Outside In




Wade Guyton: Supply Chain

Rena Spaulings Fine Arts, NYC

Thru Jan 30, 2022

Reena Spaulings Fine Arts in Chinatown is deliciously grungy. It's on the second floor over the stalwart Chinese restaurant Wu's Wonton King. The exposed beams aren't noticeably cleaned. I love the conduit running along the ceiling and the utterly beat up silver painted walls.
 Wade Guyton has a new show there and if you don't look too closely, then the art and the space are a location scout's dream for a Netflix movie scene where an overly buttoned-up collector comes to terms with the messiness of Modern Art.
Wade Guyton began his career with some punchy pieces that took a simple broken "X" and printed on top of it over and over until the surface took on a new kind of physicality. It was more than just a print.

Sometime in the early '00s inkjet printers had started making things that detailed and colour wise could stand alone as Art. But overly slick production like Richard Prince's hot girl selfies made you ask, isn't this just like advertising? Guyton's work told us that the technology must serve the Art, not the other way round.
This is a show of high quality prints wrapped around supports that give them a solid "painting" look. The images run from the semi-abstract; two Ben Day dottish pieces, a glitched out floorboards, almost '70s wallpaper-like pieces to more literal images -- one of his studio, the cover of the New York Times, a view of City Hall at night (I think) perhaps is from his studio window.
Instead of direct printer manipulation, he seems to be enjoying pushing the "mistakes" that they make. In some the machine seems to be drooling too much ink. The building print has "lines". There are frequent black and brown smudges that happen when you have overloaded printheads.
The look of the show has a revelatory quality. He brings the studio and the tools he uses into the picture. It's equivalent to how the gallery has been designed so that the supports that hold the showing walls to the building walls are clearly visible in a lattice of struts. A nod back to '90s Deconstructivist Architecture but without any of those annoying "interventions" that your client might bang their head on.
But Guyton making a print of his printer is unconvincing. His exposition of his studio practice is employed as evidence of fearlessness. An attempt at deconstructed honesty. But now the janky printer isn't an "art maker," it's just being used to decorate the surface.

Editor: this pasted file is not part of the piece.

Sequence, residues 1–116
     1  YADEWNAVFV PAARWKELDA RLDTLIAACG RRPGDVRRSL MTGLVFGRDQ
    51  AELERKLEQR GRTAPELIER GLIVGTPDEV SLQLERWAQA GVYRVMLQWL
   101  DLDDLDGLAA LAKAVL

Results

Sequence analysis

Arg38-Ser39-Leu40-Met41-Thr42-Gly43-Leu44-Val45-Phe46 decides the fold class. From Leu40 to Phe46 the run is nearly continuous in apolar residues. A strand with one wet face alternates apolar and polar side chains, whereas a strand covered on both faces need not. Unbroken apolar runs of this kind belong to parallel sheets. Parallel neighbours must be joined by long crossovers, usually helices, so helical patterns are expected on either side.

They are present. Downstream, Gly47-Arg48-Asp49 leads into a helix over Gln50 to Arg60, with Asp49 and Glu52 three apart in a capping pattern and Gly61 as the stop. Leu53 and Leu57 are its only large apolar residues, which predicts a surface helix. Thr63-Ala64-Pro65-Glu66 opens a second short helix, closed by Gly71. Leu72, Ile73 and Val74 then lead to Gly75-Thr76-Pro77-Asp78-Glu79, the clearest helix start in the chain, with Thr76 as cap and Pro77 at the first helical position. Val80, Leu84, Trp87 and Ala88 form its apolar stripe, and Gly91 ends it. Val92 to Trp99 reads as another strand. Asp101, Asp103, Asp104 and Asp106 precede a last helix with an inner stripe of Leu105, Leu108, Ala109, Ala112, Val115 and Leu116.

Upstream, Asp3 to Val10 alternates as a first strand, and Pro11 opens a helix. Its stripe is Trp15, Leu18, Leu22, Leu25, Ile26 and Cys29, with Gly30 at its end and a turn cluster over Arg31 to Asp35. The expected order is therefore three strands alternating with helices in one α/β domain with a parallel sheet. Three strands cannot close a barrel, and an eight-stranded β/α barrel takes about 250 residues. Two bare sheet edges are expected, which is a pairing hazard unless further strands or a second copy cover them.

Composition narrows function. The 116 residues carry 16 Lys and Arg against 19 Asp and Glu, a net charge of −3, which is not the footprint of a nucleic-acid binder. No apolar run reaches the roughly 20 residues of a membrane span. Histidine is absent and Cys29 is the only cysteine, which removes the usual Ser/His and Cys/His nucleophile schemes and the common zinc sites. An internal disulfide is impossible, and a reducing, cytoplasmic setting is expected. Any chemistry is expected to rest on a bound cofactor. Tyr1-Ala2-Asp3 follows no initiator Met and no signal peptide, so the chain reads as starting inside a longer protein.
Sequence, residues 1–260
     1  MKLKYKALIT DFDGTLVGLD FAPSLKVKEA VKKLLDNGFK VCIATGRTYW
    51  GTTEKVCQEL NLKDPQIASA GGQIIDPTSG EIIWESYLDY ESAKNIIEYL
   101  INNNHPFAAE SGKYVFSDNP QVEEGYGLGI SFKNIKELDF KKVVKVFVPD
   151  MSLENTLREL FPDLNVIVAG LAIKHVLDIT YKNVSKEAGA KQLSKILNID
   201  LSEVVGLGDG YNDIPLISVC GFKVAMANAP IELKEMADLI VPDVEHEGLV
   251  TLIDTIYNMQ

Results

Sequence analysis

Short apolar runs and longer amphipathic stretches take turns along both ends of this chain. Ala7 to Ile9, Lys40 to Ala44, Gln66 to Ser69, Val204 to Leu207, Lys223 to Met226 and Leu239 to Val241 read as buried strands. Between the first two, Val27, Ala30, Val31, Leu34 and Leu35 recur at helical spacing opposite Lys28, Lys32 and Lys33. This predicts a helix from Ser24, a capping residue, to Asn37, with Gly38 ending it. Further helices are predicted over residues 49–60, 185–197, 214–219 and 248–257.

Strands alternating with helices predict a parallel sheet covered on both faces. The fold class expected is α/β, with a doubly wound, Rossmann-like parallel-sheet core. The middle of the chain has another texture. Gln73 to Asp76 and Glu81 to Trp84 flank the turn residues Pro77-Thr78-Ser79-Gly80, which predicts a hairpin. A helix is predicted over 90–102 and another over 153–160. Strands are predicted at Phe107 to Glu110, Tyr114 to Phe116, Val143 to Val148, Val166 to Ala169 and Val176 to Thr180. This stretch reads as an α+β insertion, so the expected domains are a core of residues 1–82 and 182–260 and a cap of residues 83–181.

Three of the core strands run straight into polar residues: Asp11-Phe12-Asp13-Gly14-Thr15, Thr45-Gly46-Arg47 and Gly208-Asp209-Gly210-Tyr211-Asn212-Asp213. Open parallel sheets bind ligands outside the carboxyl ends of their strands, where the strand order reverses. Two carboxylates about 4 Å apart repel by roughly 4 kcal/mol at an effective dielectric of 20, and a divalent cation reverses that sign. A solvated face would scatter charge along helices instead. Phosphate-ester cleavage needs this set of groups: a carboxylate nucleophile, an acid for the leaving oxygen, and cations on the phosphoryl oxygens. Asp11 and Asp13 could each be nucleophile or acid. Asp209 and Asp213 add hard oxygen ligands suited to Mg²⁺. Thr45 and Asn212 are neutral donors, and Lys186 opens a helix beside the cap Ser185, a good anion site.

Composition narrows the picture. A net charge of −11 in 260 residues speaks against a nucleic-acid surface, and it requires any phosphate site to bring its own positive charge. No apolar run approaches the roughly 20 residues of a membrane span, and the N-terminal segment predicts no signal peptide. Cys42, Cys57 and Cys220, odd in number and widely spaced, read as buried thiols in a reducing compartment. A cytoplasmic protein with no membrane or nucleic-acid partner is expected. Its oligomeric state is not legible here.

Random ink residue on otherwise perfect prints just looks like a "grunge" condiment. Not enough to annoy your collectors but just enough so that your "paintings" can be read as more than a "common-or-garden" print.
Glitch and printer manipulation can feel very interstitial, as if the artist is not eager to step outside of his/her/their immediate surroundings. Even the abstract pieces look as if they've been happened upon during some computer or printer error and extrapolated from to create an image. Apparently for his show in Los Angeles he used images of "the troubles" of 2020. I wish that some of them were here.
I mean, maybe I'm wrong. Maybe it's OK. Jasper John's best work of the '60s is very navel gazey. It's all about the studio. The real problem with Guyton's work is that once you get past "the look" and "the issues," print vs painting vs photograph, it's not very interesting compositionally or colour wise.

The image is bang in the middle of the picture and the palette that includes faded tans, dull blues and hot orange, while oddly vintage like deadstock Polaroid film are neither uplifting or skillful, they're just stylish.
If you're really going to deconstruct your art, make it about the surface, so that you can more easily get at what's behind. Then you really need a conceptual Easter egg inside of it. Without one the whole thing looks hollow.

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